“Nature’s economy shall be the base for our own, for it is immutable, but ours is secondary. An economist without knowledge of nature is therefore like a physicist without knowledge of mathematics.”
— Carolus Linnaeus
Why Learn Plant Families?
Learning plant families is a useful tool for being able to identify key features of herbs and how they relate to the families they belong to. By learning these key characteristics and common shared uses, it is possible to learn to identify plants by family and know what they can be used for even if you do not know the exact genus/species of the plant.
For example, members if the Lamiaceae family (Mint family) have square stems, simple opposite leaves and many are aromatic. Aromatic plants indicate plants that are high in volatile oils. Volatile oils in Mint family plants are spicy and stimulating, which cool the body through opening pores and increasing perspiration. Many members of this family are also great digestive aids and because of this, many are what we know as ‘kitchen’ herbs such as Basil, Rosemary, Thyme, Sage, and Oregano.
The History of Botanical Plant Families and Genera
We have Carolus Linnaeus to thank for our modern day plant classification, he is considered the father of taxonomy. Linnaeus, also considered one of the best botanists in the world, created the system of classification, using a method called binomial nomenclature.
Linnaeus classified organisms by shared characteristics, creating 7 levels of classification: kingdom, phylum, class, order, family, genus, and species.
How to Get Started Learning Plant Families
There are over 600 plant families in the world! That’s a lot of families and can sound overwhelming when you start. When teaching about plant families, I like to start with some of the more commonly found ones such as Asteraceae, Lamiaceae and the Rosaceae families.
Get familiar with common plant terms. This is important for a good identification, especially when you start comparing your notes with the field guides. If you don’t know a botany term, you may misunderstand what a characteristic is. Common terms include leaf arrangement (opposite, alternate, whirled, basal, spiral), leaf types (simple, compound) and flower parts (pistils, stamens, stigmas, styles, anthers, petals, sepals, bracts) to name a few.
Get to know the common characteristics of a family you wish to learn about. Make a list of those common characteristics.
Now that you have made your characteristics list and gotten familiar with botany terms, go out into your yard with this list and see how many plants you can find that fall into those categories.
Once you have found all the plants in your yard that you think fit into that family, grab a field guide for your area and compare your notes to the plant guide. If you don’t know what your plant is, use a field guide that lists plants by families. There are some great online websites as well that make identifying plants easy, to help double check what you’ve found.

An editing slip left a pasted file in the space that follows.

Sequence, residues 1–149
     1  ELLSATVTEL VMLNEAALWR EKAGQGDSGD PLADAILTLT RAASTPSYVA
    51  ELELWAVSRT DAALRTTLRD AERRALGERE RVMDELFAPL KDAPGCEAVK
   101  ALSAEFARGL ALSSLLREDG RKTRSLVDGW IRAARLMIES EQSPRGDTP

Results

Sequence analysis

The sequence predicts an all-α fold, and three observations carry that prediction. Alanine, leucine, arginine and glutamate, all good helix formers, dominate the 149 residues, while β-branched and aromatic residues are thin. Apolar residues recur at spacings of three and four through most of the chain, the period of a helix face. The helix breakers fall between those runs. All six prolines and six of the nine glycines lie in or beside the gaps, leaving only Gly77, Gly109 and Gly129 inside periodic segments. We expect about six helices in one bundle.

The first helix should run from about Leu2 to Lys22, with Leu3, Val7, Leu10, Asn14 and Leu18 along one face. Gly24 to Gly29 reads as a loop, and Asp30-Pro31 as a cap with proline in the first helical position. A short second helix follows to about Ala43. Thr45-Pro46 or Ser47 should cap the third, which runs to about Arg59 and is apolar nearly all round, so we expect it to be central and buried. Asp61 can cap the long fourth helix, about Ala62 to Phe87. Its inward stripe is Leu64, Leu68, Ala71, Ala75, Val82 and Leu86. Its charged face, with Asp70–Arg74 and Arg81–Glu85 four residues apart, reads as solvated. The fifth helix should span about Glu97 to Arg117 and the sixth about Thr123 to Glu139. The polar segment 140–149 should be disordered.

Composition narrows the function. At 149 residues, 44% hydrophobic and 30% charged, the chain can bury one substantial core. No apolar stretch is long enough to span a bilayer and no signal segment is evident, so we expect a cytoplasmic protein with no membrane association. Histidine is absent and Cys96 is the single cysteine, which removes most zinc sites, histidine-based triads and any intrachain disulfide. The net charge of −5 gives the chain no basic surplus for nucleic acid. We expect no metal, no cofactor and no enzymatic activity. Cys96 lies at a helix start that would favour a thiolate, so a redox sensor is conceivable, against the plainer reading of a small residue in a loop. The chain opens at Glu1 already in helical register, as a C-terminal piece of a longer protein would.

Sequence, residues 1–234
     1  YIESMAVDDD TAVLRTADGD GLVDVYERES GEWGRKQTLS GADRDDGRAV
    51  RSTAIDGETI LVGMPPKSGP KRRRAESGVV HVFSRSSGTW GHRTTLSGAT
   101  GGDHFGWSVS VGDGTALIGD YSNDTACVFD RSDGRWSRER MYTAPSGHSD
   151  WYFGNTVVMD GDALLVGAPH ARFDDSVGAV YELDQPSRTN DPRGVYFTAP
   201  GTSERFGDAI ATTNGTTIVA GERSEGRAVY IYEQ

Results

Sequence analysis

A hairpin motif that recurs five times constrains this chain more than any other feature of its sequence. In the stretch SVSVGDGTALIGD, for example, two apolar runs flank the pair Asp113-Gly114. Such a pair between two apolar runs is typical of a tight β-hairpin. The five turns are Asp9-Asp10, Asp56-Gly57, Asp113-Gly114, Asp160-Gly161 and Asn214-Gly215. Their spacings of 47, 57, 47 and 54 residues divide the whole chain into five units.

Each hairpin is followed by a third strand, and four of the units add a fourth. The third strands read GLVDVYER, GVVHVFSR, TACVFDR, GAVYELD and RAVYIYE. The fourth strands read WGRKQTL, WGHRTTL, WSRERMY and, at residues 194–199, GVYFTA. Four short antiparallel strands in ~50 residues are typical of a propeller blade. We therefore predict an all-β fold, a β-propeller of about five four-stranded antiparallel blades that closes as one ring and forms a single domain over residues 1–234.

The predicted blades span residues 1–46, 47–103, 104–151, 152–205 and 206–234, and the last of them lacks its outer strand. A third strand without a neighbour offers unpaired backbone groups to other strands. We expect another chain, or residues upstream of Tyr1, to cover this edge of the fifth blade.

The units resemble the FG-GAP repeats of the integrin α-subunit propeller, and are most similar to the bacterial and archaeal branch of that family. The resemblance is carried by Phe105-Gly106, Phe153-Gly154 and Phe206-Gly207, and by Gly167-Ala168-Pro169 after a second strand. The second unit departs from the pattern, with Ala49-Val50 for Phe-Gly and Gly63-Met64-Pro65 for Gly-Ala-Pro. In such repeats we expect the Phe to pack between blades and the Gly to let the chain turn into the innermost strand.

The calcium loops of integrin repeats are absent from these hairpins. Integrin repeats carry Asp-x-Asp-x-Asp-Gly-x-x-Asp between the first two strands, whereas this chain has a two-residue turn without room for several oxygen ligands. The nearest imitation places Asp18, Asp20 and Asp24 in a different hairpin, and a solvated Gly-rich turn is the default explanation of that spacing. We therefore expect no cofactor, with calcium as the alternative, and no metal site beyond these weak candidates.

One important thing to remember is to not try to make a plant fit into a family. So many times I have seen people try to make a plant be something it’s not. I’ve been guilty of this myself. If the plant is missing those common characteristics, chances are very good that it is not the plant you want it to be.
It can seem intimidating at first but the more you test yourself, the easier it will become. Over time, you’ll be able to add more plant families and you’ll find that learning to identify plants becomes simpler, just by knowing plant families.
There are many fun resources for learning plant families, I’ve listed them at the end of this article for you to access. I highly recommend Thomas Elpel’s books, cards and video for getting started and he makes it fun and simple to learn the 8 most common families.
Resources for teaching plant families:
Plant families and identification
Tom Elpel’s book and card set Shanleya’s Quest is a great starting book for kids and adults alike
More advanced students will enjoy his Botany in a Day book
Watch Tom in a brand new video teach plant families and explain how to use the card deck
Missouri Wildflower Guide is a great online resource for IDing plants by flower color
Wildflower of the United States is another great source, listing by plant families
Books on Linnaeus
Carl Linnaeus: Father of Classification by Margaret Jean Anderson
Carl Linnaeus: Genius of Classification by Margaret J. Anderson
Do you feel it is important to learn plant families? Have you incorporated this aspect of botany in your herbal studies with your children? What are your favorite plant families?